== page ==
Filming the Gods explores Indian cinema's portrayal of religion and the gods, from early film-makers' first forays onto the silent screen to the technicolour spectacles of modern Bollywood.
Looking at the influential Hindi cinema of Mumbai, as well as at Islamic and other sources, Rachel Dwyer asks how the depiction of divinity and devotion in film has affected India's religious, political and sexual culture. Her exhilarating tale weaves from Indian cinema's founding nationalist impulses, where Hindi epics from the Mahabharata and Ramayana were devised in response to western Biblical films, to the global consumption of Indian film today and its reaction to modern religious tensions such as the war in Kashmir.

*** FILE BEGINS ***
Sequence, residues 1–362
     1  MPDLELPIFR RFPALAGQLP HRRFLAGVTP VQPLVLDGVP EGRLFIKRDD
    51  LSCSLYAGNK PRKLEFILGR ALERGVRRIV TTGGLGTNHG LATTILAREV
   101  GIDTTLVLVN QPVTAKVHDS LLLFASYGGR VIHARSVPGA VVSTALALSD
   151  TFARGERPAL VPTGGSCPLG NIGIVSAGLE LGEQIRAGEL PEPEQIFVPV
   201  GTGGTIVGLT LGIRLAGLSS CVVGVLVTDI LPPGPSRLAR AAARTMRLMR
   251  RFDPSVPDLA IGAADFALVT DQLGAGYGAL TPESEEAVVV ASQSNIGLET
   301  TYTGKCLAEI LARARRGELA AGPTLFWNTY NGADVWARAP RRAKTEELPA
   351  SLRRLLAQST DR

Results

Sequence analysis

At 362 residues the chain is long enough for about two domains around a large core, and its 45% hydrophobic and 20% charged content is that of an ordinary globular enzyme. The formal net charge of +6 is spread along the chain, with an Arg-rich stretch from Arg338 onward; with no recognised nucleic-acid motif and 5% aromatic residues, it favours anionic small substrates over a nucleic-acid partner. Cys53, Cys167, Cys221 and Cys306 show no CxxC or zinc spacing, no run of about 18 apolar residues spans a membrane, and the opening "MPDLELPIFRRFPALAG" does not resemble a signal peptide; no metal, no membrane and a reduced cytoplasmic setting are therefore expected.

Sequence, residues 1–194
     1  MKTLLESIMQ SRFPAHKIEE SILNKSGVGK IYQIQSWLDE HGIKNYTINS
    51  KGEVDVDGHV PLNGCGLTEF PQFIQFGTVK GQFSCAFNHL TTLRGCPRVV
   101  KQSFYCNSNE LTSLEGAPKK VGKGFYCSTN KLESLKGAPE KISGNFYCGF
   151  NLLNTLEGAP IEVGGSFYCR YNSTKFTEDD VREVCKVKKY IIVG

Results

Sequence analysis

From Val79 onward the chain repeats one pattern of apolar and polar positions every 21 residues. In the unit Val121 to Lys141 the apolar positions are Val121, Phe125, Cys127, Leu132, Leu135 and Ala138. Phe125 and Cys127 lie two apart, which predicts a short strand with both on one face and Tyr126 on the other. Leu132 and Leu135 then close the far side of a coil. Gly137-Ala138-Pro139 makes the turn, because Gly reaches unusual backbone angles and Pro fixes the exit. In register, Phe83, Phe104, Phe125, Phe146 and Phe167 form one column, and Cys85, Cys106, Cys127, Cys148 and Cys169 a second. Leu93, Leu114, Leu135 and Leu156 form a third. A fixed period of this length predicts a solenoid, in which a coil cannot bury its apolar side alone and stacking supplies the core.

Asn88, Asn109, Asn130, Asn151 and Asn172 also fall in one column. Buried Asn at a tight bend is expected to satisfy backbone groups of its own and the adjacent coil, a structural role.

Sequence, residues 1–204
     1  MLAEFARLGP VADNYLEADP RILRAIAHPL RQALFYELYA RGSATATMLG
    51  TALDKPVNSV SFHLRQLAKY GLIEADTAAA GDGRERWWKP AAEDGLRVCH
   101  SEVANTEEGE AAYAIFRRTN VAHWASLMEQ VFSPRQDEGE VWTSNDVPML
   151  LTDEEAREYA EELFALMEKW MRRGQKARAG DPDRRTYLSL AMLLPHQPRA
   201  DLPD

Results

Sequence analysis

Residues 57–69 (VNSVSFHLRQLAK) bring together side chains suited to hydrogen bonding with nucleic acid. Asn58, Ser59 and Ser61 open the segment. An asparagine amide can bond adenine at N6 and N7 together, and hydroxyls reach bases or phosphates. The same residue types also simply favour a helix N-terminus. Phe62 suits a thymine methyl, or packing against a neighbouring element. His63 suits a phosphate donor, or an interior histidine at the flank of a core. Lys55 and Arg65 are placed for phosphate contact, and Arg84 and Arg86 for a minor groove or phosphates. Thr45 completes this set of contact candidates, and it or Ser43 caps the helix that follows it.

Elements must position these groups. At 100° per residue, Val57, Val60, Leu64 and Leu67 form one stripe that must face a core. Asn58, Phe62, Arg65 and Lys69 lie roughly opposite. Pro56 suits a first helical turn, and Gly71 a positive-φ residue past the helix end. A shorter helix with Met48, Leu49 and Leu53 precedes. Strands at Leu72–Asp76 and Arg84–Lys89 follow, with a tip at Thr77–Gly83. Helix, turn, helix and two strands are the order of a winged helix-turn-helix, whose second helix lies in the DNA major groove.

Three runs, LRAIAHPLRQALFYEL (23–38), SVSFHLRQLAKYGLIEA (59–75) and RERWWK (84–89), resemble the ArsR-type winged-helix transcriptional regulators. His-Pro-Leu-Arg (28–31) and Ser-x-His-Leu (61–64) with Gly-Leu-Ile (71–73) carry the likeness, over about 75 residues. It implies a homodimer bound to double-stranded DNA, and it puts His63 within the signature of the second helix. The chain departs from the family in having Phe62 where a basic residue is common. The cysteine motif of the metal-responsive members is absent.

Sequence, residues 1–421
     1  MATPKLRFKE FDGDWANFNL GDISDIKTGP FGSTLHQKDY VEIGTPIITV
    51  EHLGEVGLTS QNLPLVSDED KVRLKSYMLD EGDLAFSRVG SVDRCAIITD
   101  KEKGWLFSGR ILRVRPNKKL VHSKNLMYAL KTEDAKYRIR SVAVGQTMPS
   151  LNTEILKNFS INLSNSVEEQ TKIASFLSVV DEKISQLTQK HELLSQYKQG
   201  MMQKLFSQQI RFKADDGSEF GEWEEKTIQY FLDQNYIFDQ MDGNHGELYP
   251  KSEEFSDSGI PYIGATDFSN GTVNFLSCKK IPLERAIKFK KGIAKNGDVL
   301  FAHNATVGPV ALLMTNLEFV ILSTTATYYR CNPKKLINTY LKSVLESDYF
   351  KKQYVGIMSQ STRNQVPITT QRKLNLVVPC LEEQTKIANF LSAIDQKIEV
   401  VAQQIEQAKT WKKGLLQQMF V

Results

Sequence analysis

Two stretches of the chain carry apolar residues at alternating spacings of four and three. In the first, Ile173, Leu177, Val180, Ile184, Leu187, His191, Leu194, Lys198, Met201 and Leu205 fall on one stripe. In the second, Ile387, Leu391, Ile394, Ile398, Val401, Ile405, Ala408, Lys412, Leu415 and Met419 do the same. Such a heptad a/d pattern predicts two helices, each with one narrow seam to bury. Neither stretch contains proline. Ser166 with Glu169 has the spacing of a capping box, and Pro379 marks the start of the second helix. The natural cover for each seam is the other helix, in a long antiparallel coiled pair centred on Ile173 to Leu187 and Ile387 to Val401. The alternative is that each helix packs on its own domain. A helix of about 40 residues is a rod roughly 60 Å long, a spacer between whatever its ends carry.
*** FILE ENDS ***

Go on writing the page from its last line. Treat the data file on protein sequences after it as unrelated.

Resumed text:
Exploring genres including epic melodrama, devotional drama and subaltern and 'social' film, the book draws on interviews with film stars, directors and producers as well as popular fiction, fan magazines and of course the films themselves. It succeeds both as a guide to the study of film in religious culture, and a thrilling history of Indian religious film.